Two of the officials say Vice President Mike Pence is pushing the State Department to accept the proposal quickly so Pence can announce it while in Israel. Pence departs Friday for the Middle East. 

Deceased Navy vet's mother denied visa, forced to miss her son's funeral

he family of Ngoc Truong, a four-year Navy veteran who recently passed away after a battle with cancer, are dealing with another tragedy. According to them, Truong’s mother was denied a visa to come to the U.S. to attend his funeral.
“He’s already done for this country, but what has this country done for him? What did this country do for him?” Truong’s father said in an interview with WREG.

Truong died Dec. 17 after suddenly being diagnosed with leukemia. Services were held Dec. 26. He was 22 years old.
Written on his headstone is a version of the famous line from President John F. Kennedy’s inaugural address: “Don’t ask what your country did for you, but ask what you did for your country”.
Though born in Vietnam, Truong was a U.S. citizen. He grew up in Blytheville, Ark., and after high school enlisted in the Navy, serving aboard the USS John McCain.
After four years in the service he left the Navy in October to go to school in Florida for graphic design. It was then he was suddenly struck with the fatal illness.
Truong’s parents are divorced, and his mother lives in Vietnam. According to his father, who runs a jewelry store in Blytheville, her visa application was denied twice. The episode has left him “fuming mad.”
In a statement emailed to WREG, the State Department did not explain why Truong’s mother was denied a visa.
“Visa records are confidential under U.S. law. We are unable to discuss specific visa cases,” wrote a State Department official.

Texas judge interrupts jury, says God told him defendant is not guilty

A state district judge in Comal County said God told him to intervene in jury deliberations to sway jurors to return a not guilty verdict in the trial of a Buda woman accused of trafficking a teen girl for sex.
Judge Jack Robison apologized to jurors for the interruption, but defended his actions by telling them “when God tells me I gotta do something, I gotta do it,” according to the Herald-Zeitung in New Braunfels.
The jury went against the judge’s wishes, finding Gloria Romero-Perez guilty of continuous trafficking of a person and later sentenced her to 25 years in prison. They found her not guilty of a separate charge of sale or purchase of a child. 
Robison, who also presides in Hays and Caldwell counties, did not respond to a message left with his court coordinator, Steve Thomas, who said the case is still pending. Robison is scheduled to return to the bench in Comal County on Jan. 31.
The Herald-Zeitung reported that Robison recused himself before the trial’s sentencing phase and was replaced by Judge Gary Steele. The defendant’s attorney asked for a mistrial, but was denied.
Robison’s actions could trigger an investigation from the State Commission on Judicial Conduct, which has disciplined Robison in the past.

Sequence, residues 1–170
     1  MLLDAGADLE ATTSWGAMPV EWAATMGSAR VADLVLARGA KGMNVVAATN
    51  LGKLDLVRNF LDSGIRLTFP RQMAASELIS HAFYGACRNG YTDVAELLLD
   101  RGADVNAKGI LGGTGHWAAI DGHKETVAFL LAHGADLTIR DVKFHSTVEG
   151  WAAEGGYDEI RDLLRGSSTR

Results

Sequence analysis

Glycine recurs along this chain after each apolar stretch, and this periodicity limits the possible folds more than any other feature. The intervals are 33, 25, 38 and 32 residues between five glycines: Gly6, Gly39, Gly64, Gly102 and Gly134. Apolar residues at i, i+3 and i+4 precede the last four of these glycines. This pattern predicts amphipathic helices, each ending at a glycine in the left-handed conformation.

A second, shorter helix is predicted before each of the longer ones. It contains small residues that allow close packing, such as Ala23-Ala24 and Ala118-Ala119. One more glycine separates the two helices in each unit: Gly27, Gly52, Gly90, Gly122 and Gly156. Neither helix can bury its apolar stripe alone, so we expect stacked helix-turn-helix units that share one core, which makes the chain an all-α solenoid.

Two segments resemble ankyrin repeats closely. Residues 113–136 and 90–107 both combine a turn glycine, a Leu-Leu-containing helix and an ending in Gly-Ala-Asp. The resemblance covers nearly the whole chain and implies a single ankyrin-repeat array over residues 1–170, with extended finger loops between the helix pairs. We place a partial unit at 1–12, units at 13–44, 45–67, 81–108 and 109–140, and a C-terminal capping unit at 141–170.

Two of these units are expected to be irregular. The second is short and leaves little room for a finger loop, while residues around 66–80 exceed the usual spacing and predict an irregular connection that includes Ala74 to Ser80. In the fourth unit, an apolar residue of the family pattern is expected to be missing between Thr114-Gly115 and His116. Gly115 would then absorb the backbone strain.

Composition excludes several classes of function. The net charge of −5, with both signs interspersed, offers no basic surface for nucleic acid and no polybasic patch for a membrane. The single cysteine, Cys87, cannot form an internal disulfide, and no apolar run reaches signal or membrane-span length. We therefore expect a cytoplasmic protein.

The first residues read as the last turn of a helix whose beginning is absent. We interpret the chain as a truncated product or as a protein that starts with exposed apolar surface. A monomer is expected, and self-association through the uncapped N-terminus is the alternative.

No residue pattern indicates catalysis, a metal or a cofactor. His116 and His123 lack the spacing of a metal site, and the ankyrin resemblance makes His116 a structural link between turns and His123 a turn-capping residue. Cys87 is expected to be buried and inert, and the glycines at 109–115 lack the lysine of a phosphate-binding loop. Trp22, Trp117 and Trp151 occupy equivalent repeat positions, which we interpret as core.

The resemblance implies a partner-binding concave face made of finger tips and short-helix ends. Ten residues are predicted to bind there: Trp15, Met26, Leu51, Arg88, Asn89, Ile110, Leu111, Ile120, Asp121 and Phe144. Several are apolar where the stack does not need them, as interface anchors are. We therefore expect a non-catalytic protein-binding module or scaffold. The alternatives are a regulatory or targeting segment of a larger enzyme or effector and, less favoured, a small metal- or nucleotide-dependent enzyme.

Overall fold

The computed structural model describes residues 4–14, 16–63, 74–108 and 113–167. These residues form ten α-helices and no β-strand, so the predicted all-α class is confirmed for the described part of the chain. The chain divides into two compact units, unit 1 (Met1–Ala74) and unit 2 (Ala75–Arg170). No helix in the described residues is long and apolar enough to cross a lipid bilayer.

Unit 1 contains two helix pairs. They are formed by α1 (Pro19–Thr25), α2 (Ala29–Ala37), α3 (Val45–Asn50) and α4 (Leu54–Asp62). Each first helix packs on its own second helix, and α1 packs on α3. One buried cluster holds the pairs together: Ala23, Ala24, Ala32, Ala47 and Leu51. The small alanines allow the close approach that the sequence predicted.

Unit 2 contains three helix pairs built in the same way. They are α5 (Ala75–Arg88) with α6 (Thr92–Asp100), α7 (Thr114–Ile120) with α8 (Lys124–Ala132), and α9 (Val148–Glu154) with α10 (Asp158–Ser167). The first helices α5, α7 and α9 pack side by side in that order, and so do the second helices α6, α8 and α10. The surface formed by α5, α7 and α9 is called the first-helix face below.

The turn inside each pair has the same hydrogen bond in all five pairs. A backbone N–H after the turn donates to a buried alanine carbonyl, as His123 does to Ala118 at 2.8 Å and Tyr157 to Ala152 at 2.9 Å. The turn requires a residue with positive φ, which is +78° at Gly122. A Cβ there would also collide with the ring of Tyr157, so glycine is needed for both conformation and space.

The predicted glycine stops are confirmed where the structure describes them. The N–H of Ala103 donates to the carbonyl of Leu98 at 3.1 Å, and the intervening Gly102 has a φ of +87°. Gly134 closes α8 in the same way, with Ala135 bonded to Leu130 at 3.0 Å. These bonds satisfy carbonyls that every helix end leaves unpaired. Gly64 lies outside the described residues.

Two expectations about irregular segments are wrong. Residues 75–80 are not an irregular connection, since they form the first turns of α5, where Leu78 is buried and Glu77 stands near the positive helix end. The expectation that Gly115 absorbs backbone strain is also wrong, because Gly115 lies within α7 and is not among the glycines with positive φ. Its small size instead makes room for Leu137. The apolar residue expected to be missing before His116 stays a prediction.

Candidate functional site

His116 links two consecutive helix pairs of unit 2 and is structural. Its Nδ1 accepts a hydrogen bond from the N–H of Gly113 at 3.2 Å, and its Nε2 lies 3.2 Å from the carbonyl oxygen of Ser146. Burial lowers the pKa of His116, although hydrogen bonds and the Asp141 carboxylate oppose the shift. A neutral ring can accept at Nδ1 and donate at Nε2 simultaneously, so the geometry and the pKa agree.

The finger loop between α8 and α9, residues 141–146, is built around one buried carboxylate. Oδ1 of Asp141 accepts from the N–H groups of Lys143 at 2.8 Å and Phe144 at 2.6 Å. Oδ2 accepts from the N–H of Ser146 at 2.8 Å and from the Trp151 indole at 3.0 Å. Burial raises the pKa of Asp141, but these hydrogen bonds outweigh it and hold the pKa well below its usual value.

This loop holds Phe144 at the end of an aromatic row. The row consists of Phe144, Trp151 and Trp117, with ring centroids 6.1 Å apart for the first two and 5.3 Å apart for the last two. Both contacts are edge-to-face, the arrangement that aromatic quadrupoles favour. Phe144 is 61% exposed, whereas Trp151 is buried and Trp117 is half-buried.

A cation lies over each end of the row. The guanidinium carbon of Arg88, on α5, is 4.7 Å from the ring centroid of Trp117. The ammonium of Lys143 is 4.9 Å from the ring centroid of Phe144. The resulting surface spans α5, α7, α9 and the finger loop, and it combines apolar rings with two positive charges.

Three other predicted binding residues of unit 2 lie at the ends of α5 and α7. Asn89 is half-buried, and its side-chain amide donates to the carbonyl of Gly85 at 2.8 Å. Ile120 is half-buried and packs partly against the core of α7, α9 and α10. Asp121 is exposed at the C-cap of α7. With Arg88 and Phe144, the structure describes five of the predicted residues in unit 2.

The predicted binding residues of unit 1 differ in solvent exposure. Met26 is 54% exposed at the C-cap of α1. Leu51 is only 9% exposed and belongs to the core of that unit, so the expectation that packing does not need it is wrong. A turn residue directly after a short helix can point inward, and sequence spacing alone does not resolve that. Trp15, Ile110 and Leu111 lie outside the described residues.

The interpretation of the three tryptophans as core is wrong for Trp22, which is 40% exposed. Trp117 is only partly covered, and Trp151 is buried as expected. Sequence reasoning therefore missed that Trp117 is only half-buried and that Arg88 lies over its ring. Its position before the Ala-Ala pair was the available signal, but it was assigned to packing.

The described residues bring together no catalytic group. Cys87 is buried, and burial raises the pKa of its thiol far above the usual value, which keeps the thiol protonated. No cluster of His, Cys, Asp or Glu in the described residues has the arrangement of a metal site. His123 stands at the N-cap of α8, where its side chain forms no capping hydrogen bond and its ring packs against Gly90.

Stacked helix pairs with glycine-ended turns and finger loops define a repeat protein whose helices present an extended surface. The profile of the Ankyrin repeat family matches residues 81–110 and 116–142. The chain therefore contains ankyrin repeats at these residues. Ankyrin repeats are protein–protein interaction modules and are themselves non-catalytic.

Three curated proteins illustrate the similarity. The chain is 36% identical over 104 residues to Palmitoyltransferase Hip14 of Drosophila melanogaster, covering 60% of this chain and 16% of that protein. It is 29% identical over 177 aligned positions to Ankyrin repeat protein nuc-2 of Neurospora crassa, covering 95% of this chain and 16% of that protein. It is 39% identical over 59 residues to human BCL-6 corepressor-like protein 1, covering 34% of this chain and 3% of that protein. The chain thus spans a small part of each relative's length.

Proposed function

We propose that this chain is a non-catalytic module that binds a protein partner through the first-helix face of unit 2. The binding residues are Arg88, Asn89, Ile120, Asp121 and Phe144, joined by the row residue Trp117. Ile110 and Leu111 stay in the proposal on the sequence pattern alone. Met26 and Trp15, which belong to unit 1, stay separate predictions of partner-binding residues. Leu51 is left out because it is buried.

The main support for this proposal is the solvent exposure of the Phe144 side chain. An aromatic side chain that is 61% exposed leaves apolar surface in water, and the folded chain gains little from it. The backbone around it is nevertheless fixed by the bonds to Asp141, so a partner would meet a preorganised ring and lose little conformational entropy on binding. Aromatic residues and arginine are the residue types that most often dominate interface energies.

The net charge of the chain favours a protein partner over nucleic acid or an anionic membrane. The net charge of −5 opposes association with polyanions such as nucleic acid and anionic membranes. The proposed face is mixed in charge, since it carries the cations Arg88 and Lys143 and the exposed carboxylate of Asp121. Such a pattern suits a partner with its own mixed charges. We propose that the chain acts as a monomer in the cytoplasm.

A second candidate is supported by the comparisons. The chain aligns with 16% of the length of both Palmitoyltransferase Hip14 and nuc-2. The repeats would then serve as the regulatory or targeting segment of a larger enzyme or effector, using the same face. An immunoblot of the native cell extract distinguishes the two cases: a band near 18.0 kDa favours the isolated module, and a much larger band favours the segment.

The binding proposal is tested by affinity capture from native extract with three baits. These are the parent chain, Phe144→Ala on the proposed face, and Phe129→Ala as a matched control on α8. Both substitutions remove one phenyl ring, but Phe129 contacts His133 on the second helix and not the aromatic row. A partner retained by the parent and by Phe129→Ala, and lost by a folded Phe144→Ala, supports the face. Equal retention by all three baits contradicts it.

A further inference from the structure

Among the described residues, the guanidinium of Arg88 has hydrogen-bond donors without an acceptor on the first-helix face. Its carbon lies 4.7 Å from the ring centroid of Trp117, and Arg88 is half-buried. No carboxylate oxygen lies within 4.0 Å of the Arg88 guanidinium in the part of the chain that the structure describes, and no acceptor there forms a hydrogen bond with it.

In 2011, the commission slapped Robison with a private reprimand for improperly jailing a Caldwell County grandfather who had called him a fool for a ruling Robison made in a child custody case involving the man’s granddaughter.
The reprimand, the commission’s harshest form of rebuke, said Robison “exceeded the scope of his authority and failed to comply with the law” by jailing the man for contempt of court without a hearing or advance notice of the charge.
The act of intervening in a jury’s deliberations is not addressed in the state’s list of judicial canons, which serves as an ethical code for judges. However, it states judges shall “comply with the law and should act at all times in a manner that promotes public confidence in the integrity and impartiality of the judiciary.”
Eric Vinson, executive director for the commission, said he would not be able to confirm or deny if a complaint had been filed against Robison.

Passenger turned away from two flights after wearing 10 layers of clothing to avoid luggage fee

 A man travelling from Iceland to London was turned away from a British Airways flight after he wore eight pairs of pants and 10 shirts to avoid paying for excess luggage.  
Ryan Carney Williams, who goes by the name Ryan Hawaii, was due to fly from Keflavik airport on Wednesday when he was refused a boarding pass by the airline. 
He was reportedly stopped from boarding his flight back to the UK after he put on all the clothes that wouldn't fit in his checked luggage. 
Taking to his social media page to document the debacle, Mr Hawaii tweeted: “@British_Airways hi being held at Iceland Keflavik airport because I had no baggage put all the clothes on and they still won't let me on. Racial profiling?”
Sadly for Mr Hawaii the ordeal did not end there after he was turned away from a second flight with EasyJet the following day.  
"And AGAIN! Refused from 2 flights in 2 days for no valid reason," he tweeted.